And being so many other Indians came, they brought very dastardly blankets, buckets full of reeds and put on a plain, and then, after these, came two squadrons of Indian archers, spears and shields, and slings and stones, with their weapons of cotton, and made in concert and each squad captain, which is short distance away from us; and then at that moment went to another house, which was his shrine idols, ten Indians who brought clothes blankets long cotton that gave to their feet, and were white, and very big hair, full of revolt blood with them, they can not even comb desparcir or if not cut; Indians whom were priests of idols, which in New Spain potatoes are commonly called, and thus will name hereafter ... And those potatoes brought incense, as a way of resin called copal among them, and with clay braziers full of coals we began to fumigate, and signs will tell us that we leave their lands before that there are joint wood fire place and burn finished; if not, we will kill war. And then they sent fire to the reeds and the popes were, no more no talk". - "Conquest of Yucatán", Diego Lopez de Cogollado

Conquest

In 1526 Francisco de Montejo was given permission to conquer Yucatán. In 1527 he invaded. Francisco began in the east and moved west. By 1529 when he reached Cupul his forces were so beaten that they were forced to retreat back to Spain defeated.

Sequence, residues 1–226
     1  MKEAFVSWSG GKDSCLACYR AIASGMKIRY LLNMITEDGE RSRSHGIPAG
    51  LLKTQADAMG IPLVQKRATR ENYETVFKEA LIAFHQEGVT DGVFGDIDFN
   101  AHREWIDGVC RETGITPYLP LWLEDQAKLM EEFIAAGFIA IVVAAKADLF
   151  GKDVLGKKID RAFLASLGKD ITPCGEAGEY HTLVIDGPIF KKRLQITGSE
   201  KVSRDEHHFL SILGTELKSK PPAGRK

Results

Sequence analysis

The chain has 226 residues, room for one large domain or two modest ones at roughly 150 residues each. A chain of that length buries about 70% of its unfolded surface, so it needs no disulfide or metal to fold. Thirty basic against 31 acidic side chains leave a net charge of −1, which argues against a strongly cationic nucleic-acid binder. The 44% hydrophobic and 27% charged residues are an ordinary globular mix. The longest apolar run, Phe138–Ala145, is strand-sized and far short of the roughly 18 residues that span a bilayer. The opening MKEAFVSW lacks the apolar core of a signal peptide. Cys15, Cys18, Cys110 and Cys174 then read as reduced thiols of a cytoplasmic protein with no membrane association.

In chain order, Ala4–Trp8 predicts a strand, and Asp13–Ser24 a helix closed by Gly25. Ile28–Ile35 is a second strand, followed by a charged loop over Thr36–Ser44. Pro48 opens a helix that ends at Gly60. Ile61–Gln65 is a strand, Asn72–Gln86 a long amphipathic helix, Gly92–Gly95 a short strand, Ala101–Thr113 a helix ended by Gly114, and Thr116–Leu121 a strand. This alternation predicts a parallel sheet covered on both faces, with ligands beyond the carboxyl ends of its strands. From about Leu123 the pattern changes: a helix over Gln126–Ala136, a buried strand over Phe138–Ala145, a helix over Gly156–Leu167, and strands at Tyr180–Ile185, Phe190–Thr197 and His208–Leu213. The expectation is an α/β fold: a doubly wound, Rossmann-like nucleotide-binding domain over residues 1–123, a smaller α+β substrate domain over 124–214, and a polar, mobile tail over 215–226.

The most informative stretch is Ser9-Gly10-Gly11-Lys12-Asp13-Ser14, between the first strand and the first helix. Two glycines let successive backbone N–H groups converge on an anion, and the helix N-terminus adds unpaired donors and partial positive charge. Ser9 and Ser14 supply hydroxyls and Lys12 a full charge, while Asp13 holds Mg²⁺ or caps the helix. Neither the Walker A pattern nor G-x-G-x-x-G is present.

In 1531 The Spaniards invaded again, directly into the city of Campeche. They conquered Can Pech. After the battle the Spaniards only had ten cavalry and fifty five foot soldiers left. A reinforcement of 20,000 Maya soldiers was sent to the city and the Spaniards were easily defeated.

In 1540 the third and finale invasion started in Chakan Putum. The Spaniards sent diplomats into Can Pech to convince the Batab (Municipal leaders) to swear allegiance to the crown of Spain. On October 4 The Spaniards invaded Campeche. Betrayed by the Batab the city was overwhelmed.

Organization

After the war between the Tutul Xiu and Cocom, the Yucatán Peninsula, broke up into 16 Kuchkabal. in the present day state of Campeche there was Ah Canul, Can Pech, and Chakán Putum. Conflicts between Kuchkabal were common, especially between Tutul Xiu and Cocom.

Normally each Kuchkabal had a capital where the ruler and supreme priest lived. The ruler was called a Halach Uinik. Each Kuckabal was divided into several municipalities called "Batalib" which in turn were governed by officials called " Batab "who were usually relatives of the Halach Uinik. Each Batab, was the military leader of its population.

On the religious side, after Halach Uinik, was the Ah Kin May, and the regular priests Ah Kin(meaning coming from the Sun). Also there was a sacrificial priest called "Ah Nacom".

Geography

Most of Campeche's population lived near the coast. The Puuc hills had been densely populated in the classic Maya period, but were largely abandoned after the Maya collapse.

There may have been as many as 36,000 people in Campeche at the time of the first contact with Spaniards. But by 1540 only 5,985 people were left in the city, largely because of smallpox.

References

Can Pech Wikipedia